One week ago, our dining room was a frenzy of hatching eggs. Well, if 8 chicken eggs qualifies as a frenzy! As some of you know, our first foray into incubating eggs last spring ended in the hatching of just … Continue reading
We are on day 15 of our incubation adventure here at Raggedy Hen Farm. This means, we only have 6 days to go until hatching should begin. Of course, we’ve all heard the wisdom about not counting one’s eggs until they’ve hatched, so we remain cautiously optimistic. While we haven’t had the winter storms and power failures like last year (fingers crossed), we have had some incubating adventures…
We candled the eggs early on (around day 5) and since this year’s eggs are rather dark-shelled, it was difficult to determine whether all the eggs were viable and developing. We’re still novices, but we do our best. We did a second (and last) candling on day 14 and it was a little easier to see the dark shadow and air sack on most of the eggs. Those green Ameraucana eggs are a challenge, however!
Later in the evening on day 14, we went to turn the eggs and found one of the eggs had little droplets of a very sticky, syrupy substance on one end. From all of our reading and research, we knew this was NOT a good sign.
When incubating eggs get this oozy substance, it is because the embryo had died and the egg is basically rotting from the inside. Gases are building up and if left unattended, these eggs will explode and cause quite the contaminating mess in the incubator. Then we’d have to discard all the eggs and start over.
So, we pulled the egg immediately and carefully, putting it on a paper towel. After it cooled, we took it outside (just in case it had an awful odor) and broke it open. It cracked with a bit of tension–meaning there was some gas build-up inside. Sure enough, there had been an embryo developing in the egg, but it looked to have died around day 9 or 10. It could have been from something genetic, or bacteria (more likely) that got into the egg.
We’re feeling wary now, hoping that this egg did not contaminate any of the other eggs in the incubator. It is certainly a possibility and since all the eggs came from the same place, there is always the chance that they could have similar problems. We want to make sure we catch anything that might be going wrong before lock-down on Day 18–the day we stop turning the eggs, boost the humidity, and leave the incubator closed for the possible hatch!
We started with 9 eggs this time around…now there are 8!
Here we are…the very first day of 2015. It finds us with exactly twelve hens–even though 2014 saw a few more chickens coming and going from our little flock. We keep track of our eggs, expenses, and the little bit of income we make from selling our eggs and we thought we’d share last year’s results!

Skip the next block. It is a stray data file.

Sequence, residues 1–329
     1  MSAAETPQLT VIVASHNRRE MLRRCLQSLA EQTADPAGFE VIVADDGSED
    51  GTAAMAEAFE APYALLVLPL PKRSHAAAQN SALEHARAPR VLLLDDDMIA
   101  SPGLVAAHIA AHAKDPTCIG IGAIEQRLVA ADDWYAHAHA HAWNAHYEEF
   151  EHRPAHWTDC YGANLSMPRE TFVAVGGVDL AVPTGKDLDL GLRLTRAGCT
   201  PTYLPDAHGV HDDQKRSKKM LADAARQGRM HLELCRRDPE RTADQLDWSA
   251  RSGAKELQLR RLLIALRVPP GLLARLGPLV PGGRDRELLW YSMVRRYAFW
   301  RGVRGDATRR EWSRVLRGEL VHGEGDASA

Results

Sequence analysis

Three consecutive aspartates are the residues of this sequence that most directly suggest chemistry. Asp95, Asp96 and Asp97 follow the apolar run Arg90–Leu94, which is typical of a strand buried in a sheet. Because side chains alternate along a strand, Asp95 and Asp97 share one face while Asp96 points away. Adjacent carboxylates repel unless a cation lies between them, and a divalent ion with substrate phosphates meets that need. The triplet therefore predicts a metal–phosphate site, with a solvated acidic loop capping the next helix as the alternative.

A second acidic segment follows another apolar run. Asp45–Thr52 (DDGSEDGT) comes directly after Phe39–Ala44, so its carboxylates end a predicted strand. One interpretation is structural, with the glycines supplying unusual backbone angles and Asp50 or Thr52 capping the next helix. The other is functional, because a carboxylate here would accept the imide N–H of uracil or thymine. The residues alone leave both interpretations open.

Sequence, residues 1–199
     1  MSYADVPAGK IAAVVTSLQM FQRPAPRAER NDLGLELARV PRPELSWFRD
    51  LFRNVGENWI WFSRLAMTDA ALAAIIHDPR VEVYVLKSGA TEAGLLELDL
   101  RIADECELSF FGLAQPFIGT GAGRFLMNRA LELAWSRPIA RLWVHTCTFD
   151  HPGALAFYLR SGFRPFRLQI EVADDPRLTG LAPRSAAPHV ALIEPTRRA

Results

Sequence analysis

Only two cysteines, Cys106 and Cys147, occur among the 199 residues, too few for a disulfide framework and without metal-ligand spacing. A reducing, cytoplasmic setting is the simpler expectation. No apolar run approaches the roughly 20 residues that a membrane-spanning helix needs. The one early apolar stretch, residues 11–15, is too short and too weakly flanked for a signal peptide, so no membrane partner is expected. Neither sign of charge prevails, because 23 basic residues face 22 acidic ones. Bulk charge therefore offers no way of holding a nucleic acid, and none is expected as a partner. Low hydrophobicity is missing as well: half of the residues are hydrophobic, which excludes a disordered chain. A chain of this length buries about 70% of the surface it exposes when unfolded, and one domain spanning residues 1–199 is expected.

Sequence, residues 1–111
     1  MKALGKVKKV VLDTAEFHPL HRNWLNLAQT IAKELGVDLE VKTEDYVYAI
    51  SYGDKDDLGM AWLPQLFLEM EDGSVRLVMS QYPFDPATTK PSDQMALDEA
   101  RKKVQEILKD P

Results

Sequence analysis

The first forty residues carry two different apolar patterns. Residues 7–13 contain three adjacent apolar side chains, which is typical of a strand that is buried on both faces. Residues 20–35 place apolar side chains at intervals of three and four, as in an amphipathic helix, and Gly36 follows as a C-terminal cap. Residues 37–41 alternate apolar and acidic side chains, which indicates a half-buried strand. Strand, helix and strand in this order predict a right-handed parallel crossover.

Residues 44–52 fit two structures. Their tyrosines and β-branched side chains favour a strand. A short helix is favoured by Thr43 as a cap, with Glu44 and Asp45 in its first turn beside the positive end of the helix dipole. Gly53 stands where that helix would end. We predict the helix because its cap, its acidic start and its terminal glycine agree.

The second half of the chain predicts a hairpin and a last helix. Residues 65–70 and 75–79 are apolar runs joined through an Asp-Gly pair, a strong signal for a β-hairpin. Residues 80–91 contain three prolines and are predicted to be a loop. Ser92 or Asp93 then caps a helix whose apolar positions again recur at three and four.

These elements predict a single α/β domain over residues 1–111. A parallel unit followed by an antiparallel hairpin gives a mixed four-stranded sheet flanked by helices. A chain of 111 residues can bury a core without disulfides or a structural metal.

Our food expenses for the chickens came to about $142. This does not include straw or table scraps. We earned exactly $34.50 from selling eggs. Of course, we gave away dozens and dozens too!
Our gals laid us 120 dozen eggs over the course of 2014 and they cost us right around $1.12 per dozen. Not a bad price for fresh, organic eggs from very happy hens.
What we haven’t really calculated is the value of the chickens who ended up in freezer camp, or the value of having a broody hen hatch and raise new chickens, or the value of all the tilling, fertilizing and compost management our gals do. Of course, there is our labor involved in caring for the chickens, but it has also provided us with an active hobby and a grand urban adventure!
Teri wanted to try raising the bantams and she started out with two little ones earlier this spring. One of those nuggets turned out to be a rooster, so Minnie remains the only bantam currently in residence at Raggedy Hen Farm. We’ve gone back and forth on our thinking about her breed and had originally thought and hoped she was a Welsummer Bantam. As she’s grown, however, we’ve been leaning toward thinking she is an Old English Game Bantam. We finally figured we’d know when she laid her first egg–dark brown would mean Welsummer and barely tinted would mean Old English.
At 19 and a half weeks, without any fan-fare at all, Minnie took to the newly-fluffed nest boxes this past weekend. There was a bit of rustling and some funny little hen noises. She looked awfully tiny in there next to the regular-sized “inspiration egg” (we’ve painted them forest green so they don’t get confused with actually eggs), but as we’ve learned about Minnie, as far as she’s concerned, she’s the biggest, boldest hen there is.
After some time in the nest box, she emerged and took some long, drinks of cool water. Teri says this is the tell-tale sign that a chicken has laid an egg–when they go straight for the water trough!
Minnie’s first egg was tiny, faintly tinted and perfect! Her Old English Game-ness confirmed, Minnie has taken her place as the tiniest egg-layer with the littlest eggs at Raggedy Hen Farm!
This…is crunch time! The garden is blousy and overgrown and producing like crazy; Most of the pullets are laying, along with the old hens; it is time for canning, drying, saving seeds,, and just trying to keep up with this last big hurrah of another summer season. This has been an incredibly prolific year as some of our long-term projects like raspberry canes, grapevines, and hop vines are really coming in to their own. Here’s a little run-down of what’s keeping us so busy…
We are getting 5-8 eggs a day from our plethora of busy hens. It is so fun to have the diversity of colors in the egg basket. We now have everything from white to green, to dark brown (along with the light brown we’ve had for a while.) We haven’t had any trouble finding homes for all these yummy eggs!
Our daily forages into the garden with a harvesting basket under one arm are yielding pounds of tomatoes, green beans, zucchini, cucumbers and, now, some of the ripest of the winter squash. This means we’re doing all sorts of canning and preserving, along with eating our share of these tasty treasures!
The apple trees are laden and almost ready to be picked and canned. We’ll make applesauce and can slices for winter pies. Any “drops” get tossed into the chicken run as the hens all love to eat up the fallen apples.